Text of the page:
Q2.  Does the draft Bill make it clear when facilitation payments and corporate hospitality will be unlawful?

  Facilitation payments will be unlawful. In some cases the mere offer (and/or acceptance) of the advantage itself may amount to improper conduct. Most countries in the world outlaw such payments since it is very difficult to remove bribery if they remain legal.

Because of our acceptance threshold, small facilitation payments are unlikely to concern the SFO unless they are part of a larger pattern (when, by definition, they would no longer be small facilitation payments) where their nature and scale has to be evaluated.

  The US does not make small facilitation payments illegal unless they occur "to continue or to obtain business".

  The SFO considers, like Lord Woolf and a number of UK corporates, that any facilitation is unjustifiable and should be removed because these payments cut across transparency and openness. They also render a corporate (and other corporates) more vulnerable to demands for larger bribes. They are a major contributor to the belief that bribery is a necessary part of business culture. The "demand side" should also make it clear that these payments are not acceptable.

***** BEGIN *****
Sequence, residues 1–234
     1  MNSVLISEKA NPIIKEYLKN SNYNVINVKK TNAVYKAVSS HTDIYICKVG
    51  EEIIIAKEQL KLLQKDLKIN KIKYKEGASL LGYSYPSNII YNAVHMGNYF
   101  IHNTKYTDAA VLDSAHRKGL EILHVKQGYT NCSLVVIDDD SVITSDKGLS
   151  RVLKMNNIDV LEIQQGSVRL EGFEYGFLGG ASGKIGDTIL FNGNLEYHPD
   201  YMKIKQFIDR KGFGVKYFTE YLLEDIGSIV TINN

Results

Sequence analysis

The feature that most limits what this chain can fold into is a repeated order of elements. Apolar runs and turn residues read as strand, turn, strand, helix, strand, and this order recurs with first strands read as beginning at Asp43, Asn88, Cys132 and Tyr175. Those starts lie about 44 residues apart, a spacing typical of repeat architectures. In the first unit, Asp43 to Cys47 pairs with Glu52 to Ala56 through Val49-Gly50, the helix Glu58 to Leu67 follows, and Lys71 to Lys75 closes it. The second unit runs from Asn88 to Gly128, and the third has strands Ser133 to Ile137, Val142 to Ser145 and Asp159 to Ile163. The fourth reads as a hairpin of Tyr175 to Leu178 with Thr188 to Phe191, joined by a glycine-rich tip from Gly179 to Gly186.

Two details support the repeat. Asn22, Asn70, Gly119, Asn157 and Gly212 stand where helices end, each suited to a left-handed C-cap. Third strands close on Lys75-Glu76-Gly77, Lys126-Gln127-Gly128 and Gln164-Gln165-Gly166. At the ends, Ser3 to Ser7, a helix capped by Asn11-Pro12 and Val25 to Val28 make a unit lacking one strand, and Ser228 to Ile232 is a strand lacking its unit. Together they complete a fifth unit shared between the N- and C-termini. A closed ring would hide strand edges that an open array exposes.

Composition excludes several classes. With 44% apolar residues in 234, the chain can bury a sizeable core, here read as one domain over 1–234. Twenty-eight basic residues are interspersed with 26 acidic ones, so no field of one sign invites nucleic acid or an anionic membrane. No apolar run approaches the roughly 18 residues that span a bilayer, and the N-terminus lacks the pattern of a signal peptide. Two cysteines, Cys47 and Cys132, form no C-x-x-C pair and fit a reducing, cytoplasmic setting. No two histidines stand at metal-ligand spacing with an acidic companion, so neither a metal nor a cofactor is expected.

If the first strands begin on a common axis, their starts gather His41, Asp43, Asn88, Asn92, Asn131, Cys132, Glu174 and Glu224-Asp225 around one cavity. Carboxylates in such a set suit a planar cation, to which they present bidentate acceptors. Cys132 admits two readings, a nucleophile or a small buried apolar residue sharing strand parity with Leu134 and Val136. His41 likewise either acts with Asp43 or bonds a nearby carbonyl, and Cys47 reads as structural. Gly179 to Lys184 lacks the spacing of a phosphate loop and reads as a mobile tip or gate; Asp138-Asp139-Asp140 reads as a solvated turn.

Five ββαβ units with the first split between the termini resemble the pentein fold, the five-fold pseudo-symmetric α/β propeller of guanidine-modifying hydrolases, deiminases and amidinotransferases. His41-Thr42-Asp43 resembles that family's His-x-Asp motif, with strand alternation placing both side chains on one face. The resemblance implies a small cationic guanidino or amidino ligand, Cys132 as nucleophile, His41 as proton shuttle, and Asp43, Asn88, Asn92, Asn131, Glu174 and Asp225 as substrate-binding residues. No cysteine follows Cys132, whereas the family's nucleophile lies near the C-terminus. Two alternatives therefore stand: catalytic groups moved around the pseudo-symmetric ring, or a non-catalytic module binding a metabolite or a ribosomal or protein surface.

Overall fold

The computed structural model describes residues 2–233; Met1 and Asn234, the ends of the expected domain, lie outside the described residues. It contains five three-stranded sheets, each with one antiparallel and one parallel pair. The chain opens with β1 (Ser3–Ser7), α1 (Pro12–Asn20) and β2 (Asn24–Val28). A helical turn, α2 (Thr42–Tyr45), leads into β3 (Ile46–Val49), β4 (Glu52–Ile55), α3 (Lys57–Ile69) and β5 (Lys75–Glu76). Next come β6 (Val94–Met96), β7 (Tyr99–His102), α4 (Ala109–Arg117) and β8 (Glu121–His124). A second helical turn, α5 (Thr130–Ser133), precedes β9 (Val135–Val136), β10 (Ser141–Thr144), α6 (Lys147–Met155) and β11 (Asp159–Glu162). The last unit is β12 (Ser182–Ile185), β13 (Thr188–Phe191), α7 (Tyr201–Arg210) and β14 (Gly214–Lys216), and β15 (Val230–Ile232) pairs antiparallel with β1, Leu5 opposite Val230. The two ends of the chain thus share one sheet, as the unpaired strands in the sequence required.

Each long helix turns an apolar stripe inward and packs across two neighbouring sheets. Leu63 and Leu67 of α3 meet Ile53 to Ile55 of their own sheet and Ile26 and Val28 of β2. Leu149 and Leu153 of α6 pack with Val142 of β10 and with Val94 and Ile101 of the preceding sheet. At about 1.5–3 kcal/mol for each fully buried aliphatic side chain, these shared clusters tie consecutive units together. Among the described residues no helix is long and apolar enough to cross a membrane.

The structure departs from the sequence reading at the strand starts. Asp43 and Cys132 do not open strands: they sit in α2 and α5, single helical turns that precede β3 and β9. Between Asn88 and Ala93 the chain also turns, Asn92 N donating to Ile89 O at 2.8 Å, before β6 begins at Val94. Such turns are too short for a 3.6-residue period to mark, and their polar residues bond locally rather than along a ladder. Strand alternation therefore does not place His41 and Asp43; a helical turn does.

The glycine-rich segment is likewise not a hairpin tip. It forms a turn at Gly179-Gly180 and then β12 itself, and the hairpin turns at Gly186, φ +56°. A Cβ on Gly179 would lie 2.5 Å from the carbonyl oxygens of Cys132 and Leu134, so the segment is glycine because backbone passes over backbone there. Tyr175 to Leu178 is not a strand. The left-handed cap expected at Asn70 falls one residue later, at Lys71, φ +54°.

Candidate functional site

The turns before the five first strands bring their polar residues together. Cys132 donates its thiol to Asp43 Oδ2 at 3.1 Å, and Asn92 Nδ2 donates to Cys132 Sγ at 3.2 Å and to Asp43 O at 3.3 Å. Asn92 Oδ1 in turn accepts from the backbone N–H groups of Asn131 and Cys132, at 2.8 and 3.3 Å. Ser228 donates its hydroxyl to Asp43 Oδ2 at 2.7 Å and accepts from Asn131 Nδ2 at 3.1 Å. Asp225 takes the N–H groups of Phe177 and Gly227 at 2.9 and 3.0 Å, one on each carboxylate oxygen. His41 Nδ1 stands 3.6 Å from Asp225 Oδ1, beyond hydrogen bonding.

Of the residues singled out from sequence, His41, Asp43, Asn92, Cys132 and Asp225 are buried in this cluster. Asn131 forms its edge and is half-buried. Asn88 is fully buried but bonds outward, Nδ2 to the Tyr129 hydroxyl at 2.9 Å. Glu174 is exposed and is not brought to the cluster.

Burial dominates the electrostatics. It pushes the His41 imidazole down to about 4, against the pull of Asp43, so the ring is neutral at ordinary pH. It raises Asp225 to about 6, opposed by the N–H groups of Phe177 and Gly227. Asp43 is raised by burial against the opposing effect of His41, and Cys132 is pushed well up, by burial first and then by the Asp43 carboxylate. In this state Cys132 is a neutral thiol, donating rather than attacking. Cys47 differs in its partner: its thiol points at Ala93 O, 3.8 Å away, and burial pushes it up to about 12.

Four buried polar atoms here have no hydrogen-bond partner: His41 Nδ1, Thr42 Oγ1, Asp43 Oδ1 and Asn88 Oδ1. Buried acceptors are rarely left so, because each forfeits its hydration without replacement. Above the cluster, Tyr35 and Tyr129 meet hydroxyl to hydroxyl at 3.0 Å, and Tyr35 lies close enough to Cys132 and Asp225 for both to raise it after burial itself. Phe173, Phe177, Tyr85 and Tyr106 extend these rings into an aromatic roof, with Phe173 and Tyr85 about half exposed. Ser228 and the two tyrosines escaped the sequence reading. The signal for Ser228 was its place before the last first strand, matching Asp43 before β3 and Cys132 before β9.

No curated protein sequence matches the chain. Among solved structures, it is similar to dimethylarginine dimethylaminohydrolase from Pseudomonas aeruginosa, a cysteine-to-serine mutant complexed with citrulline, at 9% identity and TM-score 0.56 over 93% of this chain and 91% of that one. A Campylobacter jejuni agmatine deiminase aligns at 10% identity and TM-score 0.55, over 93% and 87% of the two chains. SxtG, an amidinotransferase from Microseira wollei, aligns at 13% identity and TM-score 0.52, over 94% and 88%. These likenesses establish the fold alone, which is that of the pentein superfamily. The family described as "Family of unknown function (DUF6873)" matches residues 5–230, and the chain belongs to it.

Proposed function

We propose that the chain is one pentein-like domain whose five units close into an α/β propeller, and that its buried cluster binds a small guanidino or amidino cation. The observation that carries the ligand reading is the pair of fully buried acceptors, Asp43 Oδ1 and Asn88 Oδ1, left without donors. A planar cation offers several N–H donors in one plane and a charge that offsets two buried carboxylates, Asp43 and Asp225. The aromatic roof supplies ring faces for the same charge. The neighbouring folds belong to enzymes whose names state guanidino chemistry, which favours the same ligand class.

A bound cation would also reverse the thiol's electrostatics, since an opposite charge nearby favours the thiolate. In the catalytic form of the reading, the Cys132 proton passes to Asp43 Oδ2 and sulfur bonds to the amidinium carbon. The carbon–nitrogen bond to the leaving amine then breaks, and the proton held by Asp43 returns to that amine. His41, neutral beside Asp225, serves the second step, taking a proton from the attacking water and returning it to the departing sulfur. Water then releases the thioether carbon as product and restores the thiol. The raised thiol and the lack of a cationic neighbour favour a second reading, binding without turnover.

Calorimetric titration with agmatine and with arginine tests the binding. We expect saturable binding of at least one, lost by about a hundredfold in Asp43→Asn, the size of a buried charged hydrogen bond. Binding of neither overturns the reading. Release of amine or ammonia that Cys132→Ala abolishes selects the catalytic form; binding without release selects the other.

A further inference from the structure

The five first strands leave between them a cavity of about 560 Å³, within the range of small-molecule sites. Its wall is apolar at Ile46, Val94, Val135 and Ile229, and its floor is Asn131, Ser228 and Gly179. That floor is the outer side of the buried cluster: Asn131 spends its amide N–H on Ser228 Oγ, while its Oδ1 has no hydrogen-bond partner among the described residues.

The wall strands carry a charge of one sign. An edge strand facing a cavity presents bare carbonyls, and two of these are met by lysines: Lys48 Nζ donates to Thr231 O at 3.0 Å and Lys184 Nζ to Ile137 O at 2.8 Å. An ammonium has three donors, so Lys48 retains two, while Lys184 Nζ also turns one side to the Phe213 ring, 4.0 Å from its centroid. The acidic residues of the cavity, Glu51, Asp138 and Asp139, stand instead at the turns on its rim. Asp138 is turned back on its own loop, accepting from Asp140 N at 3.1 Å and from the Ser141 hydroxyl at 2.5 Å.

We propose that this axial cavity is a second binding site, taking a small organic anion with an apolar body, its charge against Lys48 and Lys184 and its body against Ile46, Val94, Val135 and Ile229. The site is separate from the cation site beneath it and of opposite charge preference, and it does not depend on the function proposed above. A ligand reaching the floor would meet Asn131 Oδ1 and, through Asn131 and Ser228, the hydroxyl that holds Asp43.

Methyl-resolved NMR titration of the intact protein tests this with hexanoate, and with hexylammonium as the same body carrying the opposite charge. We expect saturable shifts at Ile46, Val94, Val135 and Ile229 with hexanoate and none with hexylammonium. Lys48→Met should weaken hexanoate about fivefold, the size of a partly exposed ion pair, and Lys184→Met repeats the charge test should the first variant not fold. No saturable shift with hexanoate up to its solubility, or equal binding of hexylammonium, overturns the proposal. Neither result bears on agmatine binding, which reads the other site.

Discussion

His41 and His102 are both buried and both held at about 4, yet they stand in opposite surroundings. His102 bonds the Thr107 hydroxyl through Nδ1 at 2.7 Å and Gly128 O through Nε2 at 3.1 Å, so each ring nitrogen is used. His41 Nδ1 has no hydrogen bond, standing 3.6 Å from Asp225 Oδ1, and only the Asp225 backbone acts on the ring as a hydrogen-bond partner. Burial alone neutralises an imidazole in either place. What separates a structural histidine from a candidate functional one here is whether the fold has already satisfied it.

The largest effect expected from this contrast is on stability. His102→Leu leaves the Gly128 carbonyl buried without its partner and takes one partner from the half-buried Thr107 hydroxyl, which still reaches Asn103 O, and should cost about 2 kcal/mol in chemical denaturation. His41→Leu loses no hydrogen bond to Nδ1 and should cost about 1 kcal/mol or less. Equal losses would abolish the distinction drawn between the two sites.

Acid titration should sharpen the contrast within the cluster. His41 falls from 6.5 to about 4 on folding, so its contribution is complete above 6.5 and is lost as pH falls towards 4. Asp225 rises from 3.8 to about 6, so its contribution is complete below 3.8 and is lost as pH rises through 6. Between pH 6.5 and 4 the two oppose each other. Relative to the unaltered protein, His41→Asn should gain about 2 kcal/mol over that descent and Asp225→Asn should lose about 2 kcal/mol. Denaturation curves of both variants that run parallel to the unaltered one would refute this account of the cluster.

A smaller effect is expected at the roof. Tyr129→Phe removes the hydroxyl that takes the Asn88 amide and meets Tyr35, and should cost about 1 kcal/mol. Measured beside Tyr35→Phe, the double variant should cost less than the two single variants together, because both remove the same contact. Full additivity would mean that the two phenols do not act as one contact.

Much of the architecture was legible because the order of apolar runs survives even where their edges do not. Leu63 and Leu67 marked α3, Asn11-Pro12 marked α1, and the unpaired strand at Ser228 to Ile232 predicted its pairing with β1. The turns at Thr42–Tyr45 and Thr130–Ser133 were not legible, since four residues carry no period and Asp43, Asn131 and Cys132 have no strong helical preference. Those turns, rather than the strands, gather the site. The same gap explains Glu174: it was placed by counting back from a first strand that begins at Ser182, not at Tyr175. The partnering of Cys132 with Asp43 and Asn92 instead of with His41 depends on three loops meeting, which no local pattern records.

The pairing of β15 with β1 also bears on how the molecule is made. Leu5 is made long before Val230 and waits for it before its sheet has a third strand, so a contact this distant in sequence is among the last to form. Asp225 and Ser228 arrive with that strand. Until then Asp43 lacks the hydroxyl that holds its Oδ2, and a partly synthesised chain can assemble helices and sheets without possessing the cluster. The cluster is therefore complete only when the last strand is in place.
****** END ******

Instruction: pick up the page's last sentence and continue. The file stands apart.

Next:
Hospitality is different in that most routine and inexpensive hospitality would be unlikely to lead to a reasonable expectation of improper conduct. This would therefore not trigger the general offences.

  For the offence we must still prove that the payer's intent is to influence the foreign public official in his/her capacity as a foreign public official. The provision of routine and inexpensive hospitality to a large group may not have that specific intent.

  It becomes more difficult when more than routine hospitality is offered to targeted individuals. In circumstances like these, the SFO would advise the corporate to check the local laws about what foreign public officials can legitimately accept. This should not be too onerous for the corporate as it ought to be part of their due diligence in doing business there.